Here’s a video tutorial for a really quick and easy trick to reducing and dare I say, eliminating the double chin when posing for photographs. Every client will hear me remind them ad nauseam throughout their photo shoot. It’s a great idea to practice in the mirror until you get the hang of what it feels like when it looks right, then you can use it every time you’re in front of the camera.

Location Scouting

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Location scouting is a really important step in photo shoot planning. The environment you are photographed in plays a huge role in the aesthetic direction of your images. Deciding on indoor vs outdoor is a good starting point and below are some considerations as you’re looking for a backdrop for your shoot.

Locations can change unexpectedly and can look different depending on the time of day and weather. To get the most accurate evaluation of a potential location, try to check it out at around the same time of day your photo shoot is scheduled. The season, day of the week and public access are also things to consider. For example, if you choose a place that tourists often visit, keep in mind ideal dates and times to book around potential issues.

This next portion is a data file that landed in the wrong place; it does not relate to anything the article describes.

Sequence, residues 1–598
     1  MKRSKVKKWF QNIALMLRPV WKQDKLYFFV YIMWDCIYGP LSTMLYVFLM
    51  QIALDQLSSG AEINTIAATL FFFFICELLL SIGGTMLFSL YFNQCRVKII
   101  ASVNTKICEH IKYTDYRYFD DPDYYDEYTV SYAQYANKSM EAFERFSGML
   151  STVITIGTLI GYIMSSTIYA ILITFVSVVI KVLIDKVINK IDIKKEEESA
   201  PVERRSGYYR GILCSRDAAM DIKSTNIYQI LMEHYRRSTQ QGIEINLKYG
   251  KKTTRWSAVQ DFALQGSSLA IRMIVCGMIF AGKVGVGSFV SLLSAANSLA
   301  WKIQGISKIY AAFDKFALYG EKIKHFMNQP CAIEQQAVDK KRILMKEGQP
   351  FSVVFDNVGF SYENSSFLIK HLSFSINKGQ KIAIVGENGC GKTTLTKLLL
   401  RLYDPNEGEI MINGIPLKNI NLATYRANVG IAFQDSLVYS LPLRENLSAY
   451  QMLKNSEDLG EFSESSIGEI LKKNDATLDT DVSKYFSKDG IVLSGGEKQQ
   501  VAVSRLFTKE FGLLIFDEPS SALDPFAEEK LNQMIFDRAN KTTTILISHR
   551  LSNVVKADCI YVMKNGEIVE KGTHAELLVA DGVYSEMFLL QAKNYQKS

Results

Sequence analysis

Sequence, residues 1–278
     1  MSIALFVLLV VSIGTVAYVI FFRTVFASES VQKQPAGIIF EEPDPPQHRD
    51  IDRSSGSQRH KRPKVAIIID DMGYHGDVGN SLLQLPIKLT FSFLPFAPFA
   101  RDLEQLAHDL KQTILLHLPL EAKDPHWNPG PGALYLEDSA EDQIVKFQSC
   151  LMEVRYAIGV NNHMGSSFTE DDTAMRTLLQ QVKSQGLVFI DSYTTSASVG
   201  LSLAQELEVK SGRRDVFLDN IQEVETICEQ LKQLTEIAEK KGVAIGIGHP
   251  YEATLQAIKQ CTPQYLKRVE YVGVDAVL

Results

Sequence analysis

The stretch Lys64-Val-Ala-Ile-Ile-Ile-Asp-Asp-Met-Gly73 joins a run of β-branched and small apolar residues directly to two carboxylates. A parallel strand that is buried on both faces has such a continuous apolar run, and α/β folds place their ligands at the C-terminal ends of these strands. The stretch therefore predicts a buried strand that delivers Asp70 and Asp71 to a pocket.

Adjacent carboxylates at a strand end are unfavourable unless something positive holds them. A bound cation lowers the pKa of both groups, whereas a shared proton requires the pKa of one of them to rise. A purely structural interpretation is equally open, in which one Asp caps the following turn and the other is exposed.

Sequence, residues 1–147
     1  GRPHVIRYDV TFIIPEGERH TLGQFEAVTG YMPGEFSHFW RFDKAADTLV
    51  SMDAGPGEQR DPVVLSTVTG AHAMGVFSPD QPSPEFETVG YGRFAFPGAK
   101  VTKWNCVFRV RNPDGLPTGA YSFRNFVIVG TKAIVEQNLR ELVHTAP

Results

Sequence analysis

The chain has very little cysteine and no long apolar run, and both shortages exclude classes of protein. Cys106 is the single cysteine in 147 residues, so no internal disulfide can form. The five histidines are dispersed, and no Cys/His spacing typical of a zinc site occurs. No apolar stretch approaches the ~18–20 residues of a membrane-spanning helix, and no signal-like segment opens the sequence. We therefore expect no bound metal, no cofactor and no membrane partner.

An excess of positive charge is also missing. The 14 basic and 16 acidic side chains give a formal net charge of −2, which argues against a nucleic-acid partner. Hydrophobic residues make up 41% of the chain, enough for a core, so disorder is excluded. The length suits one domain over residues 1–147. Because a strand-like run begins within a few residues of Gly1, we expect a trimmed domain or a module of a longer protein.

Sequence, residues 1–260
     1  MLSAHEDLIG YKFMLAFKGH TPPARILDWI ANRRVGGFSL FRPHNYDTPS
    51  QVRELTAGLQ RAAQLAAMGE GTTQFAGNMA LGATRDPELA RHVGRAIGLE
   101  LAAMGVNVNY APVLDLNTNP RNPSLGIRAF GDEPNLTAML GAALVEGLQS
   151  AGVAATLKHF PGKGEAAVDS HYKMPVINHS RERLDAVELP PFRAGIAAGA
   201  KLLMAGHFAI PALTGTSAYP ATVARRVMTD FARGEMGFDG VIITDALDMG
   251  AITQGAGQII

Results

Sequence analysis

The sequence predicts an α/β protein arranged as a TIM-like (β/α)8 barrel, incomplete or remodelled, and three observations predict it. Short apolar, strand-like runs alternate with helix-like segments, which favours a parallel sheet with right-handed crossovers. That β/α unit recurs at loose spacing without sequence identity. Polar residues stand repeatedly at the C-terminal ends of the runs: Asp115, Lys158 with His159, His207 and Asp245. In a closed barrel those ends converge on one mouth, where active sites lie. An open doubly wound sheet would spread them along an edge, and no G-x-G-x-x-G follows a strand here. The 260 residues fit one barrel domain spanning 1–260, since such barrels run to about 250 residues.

When scouting interiors, note where the windows are and how much available/natural light there is. Look for outlets to power lighting equipment.

ask yourself

-What environment will suit your project/vision best. Take a look at locations that are more likely to be a good fit aesthetically.

-Are you willing to pay to use a unique location where the property owner or city may require compensation to grant access?